Miss Julia Penn, of New Albany, who has been spending a few days with Mrs. J. Moss Terry, returned home yesterday.  Miss Penn will be one of a large theater party to hear Patti at the auditorium tomorrow evening.

Bennett H. Young Biography

Scan_Pic1341As with any biography that gives extreme deeds I had to check and make sure Mr. Bennett Young was the man proclaimed in Perrin’s book.  I have heard these biographies are not entirely correct because they are written by the family or information given by the family and some parts could be exaggerated, but I’ve always felt that they give a genealogist a starting place.  My great-grandmother’s genealogy was not entirely correct, but I have built on the part that is and eliminated that part that is not.  Anyway, I wanted to check on Mr. Young and found the same information in an old book, The City of Louisville and A Glimpse of Kentucky, by Young Ewing Allison. copyright 1887.

from Perrin’s Kentucky, A History of the State, 1888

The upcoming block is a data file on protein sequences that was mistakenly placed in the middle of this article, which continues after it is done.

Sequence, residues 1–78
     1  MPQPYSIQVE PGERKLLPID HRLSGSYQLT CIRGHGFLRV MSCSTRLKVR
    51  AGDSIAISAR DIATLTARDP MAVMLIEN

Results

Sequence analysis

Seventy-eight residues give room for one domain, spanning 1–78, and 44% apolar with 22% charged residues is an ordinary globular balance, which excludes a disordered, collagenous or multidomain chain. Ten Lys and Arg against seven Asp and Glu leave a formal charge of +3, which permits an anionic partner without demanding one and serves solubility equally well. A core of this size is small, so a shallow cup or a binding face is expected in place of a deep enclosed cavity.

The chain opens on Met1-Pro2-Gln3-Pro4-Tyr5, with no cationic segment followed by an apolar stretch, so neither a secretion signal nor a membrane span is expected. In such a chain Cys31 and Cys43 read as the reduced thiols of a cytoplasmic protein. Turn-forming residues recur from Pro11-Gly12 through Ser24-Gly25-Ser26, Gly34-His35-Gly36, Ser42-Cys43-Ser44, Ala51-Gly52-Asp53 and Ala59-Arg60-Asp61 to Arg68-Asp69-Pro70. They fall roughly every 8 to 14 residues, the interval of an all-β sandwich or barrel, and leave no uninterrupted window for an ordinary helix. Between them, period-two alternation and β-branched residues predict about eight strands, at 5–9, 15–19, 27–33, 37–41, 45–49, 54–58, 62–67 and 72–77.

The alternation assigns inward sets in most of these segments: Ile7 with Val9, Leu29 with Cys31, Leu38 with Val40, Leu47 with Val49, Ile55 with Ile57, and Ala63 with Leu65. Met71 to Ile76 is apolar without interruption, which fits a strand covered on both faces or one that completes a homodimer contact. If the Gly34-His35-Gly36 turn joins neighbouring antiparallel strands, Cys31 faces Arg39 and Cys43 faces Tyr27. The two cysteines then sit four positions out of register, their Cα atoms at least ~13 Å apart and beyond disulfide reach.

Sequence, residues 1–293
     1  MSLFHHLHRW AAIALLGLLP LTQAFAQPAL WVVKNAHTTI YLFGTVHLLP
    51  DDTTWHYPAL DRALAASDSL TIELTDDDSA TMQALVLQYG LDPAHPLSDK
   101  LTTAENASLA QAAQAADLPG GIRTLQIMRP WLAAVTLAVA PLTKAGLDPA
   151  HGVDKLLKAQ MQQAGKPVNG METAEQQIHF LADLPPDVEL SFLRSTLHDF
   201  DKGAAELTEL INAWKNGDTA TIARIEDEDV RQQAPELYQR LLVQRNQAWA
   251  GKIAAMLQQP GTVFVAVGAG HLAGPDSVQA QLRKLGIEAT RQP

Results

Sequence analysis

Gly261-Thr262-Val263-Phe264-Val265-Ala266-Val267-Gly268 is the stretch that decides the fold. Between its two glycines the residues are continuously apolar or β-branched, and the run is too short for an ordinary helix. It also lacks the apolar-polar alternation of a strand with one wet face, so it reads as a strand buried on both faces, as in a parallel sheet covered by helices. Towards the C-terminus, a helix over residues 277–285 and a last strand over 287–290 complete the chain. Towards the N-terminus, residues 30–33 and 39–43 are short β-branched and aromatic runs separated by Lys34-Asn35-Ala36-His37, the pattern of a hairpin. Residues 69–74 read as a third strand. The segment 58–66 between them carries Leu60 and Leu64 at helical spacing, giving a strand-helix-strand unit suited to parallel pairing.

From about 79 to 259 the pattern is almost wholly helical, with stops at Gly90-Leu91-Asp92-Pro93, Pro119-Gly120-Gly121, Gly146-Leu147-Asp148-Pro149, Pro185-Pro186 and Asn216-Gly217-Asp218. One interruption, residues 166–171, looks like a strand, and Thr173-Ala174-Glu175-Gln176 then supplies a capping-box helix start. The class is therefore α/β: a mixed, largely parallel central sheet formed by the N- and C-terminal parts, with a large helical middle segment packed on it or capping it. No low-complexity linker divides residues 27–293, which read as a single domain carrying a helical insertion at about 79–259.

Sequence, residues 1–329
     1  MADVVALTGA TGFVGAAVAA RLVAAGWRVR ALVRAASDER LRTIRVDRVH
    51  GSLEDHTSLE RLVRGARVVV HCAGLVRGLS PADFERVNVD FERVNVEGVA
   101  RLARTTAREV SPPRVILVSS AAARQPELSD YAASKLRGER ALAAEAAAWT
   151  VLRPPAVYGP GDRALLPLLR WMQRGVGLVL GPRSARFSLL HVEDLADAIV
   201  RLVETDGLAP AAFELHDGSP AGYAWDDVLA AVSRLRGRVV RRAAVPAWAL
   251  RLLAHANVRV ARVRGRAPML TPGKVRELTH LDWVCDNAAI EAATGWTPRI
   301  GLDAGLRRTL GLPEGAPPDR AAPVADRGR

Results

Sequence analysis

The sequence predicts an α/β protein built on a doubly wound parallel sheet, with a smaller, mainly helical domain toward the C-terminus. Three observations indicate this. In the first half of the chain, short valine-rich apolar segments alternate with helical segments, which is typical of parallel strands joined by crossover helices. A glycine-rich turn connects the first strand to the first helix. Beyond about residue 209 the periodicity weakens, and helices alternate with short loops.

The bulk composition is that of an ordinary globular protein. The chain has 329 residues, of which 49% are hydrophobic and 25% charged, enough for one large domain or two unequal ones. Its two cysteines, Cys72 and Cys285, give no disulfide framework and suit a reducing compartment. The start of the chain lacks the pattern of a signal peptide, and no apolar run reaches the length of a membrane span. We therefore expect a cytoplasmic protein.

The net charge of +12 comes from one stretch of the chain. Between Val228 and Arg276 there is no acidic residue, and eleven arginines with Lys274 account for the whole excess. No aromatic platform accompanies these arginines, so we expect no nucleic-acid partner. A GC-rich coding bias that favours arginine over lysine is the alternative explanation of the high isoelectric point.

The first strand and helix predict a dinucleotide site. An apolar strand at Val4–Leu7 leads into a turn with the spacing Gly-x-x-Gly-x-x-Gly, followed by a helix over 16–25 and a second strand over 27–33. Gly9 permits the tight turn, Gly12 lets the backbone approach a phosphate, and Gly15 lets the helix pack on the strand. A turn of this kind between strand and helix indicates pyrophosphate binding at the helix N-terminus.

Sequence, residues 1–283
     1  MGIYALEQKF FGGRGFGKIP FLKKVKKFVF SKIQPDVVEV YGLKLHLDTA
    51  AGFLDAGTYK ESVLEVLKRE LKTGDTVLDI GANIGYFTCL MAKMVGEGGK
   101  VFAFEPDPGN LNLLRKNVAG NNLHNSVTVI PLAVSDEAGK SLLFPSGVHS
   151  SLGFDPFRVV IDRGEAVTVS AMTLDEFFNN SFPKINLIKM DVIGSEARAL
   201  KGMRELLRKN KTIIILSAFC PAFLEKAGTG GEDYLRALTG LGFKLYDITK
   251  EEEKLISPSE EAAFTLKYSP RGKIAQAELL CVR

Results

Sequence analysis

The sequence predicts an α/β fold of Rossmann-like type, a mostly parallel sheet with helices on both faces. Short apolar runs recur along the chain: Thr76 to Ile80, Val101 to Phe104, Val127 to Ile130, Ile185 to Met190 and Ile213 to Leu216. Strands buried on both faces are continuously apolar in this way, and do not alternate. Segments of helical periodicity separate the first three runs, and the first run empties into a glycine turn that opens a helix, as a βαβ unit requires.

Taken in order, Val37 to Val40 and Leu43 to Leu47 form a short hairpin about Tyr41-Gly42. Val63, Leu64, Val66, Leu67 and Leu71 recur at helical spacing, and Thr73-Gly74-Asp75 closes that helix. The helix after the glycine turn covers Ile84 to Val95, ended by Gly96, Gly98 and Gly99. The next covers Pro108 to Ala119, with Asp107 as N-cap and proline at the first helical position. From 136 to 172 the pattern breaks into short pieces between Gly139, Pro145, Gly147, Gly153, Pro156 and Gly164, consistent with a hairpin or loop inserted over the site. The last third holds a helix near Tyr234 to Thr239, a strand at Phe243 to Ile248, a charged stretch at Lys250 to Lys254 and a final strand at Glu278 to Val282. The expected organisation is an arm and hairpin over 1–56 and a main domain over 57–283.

Bennett H. Young, one of the enterprising young business men of Louisville, is a native Kentuckian, and was born May 25, 1843, in Jessamine County. He is a son of Robert and Josephine (Henderson) Young, also Kentuckians, and devout Presbyterians. His early education was obtained in Bethel Academy, in his native county, but in 1861 he entered Centre College at Danville. His college life, however, was interrupted by the civil war, and affected by the spirit of the times and the ardor of youth, he enlisted in Company B, Captain William Lewis (of Fayette County), Eighth Regiment, Colonel Leroy S. Clark, Morgan’s famous cavalry. He served with General Morgan, and was captured with him at Buffington Island, Ohio, and imprisoned at Columbus. Afterward he was transferred to Camp Douglas, Chicago, from which he escaped in January, 1864, and finally made his way into Canada. It was too late in the season to pass down the St. Lawrence River, navigation having closed, and so the young soldier matriculated in the University of Toronto, where he remained until April, passing a highly creditable examination. He was placed in command of a number of escaped Confederate prisoners, and took passage on the first boat going down the St. Lawrence after resumption of navigation, and sailed for the West Indies, where they caught a blockade runner for the Confederacy. This was a hazardous undertaking, as the blockader went in under fire, and several of the crew were killed, while the remainder, panic-stricken, became so demoralized that they no longer obeyed orders. In this trying ordeal the young Confederate soldier, with reckless exposure, gave his assistance to the officers of the vessel, and taking the post of a seaman who had been killed, he bore a very prominent part in saving it from capture or destruction. He was appointed first lieutenant in the Confederate service and sent to Canada, where he subsequently engaged in many daring and hazardous enterprises, the last of which was the St. Albans raid. When the Confederacy went down at Appomattox, Lieutenant Young went to Europe, where he remained until his political disabilities were removed under the general amnesty proclamation of President Johnson in 1868. While in Europe he studied several years at the Irish and Scotch universities, taking the first honor in the law course, and third distinction in the literary department of Queen’s University. He returned to the United States, and in 1868 commenced practicing law in Louisville, where he soon won a large and lucrative practice. He became interested in railways, and in connection with St. John Boyle, constructed the Louisville & St. Louis Air-Line road. This was followed by the more difficult but important work of reconstructing an almost dead line. In connection with R. S. Veech and others he secured control of the Louisville, New Albany & Chicago Railroad, rebuilt it, and made it one of the most valuable lines centering in Louisville. In 1885 he undertook the construction of the magnificent cantilever bridge across the Ohio between Louisville and New Albany, followed by the Daisy Belt Railroad, connecting Louisville and New Albany over this bridge, and also extending to the beautiful suburb of Parkland. Since the completion of these enterprises he has constructed (having recently complete it) the Louisville Southern Railroad, destined to be one of the most important roads from Louisville to the South. It involves the development of Eastern Kentucky, a region as rich in mineral resources as Pennsylvania, and hitherto not penetrated by railroads. No public enterprise fails to receive his hearty support. He is president of Bellewood Seminary at Anchorage, Kentucky, which stands as a monument of his liberality toward education. He is president and has always been the moving spirit of the Polytechnic Society. To him and his indomitable enterprise, more than to any other man, it owes its present prosperous and dignified position. Mr. Young is unselfish, charitable, modest, quick to think and act, full of resource and tact, with a bull-dog courage that knows no defeat. He has never sought political preferment, but could have almost any public office he would ask for. He has been prominently mentioned as a candidate for Governor, but has always declined to allow his name to go before a convention. He was married in 1866 to Miss Mattie R., eldest daughter of the late Rev. Stuart Robinson, D. D., the distinguished Presbyterian divine. They have quite a family of children, and their home is noted for its culture, refinement and hospitality.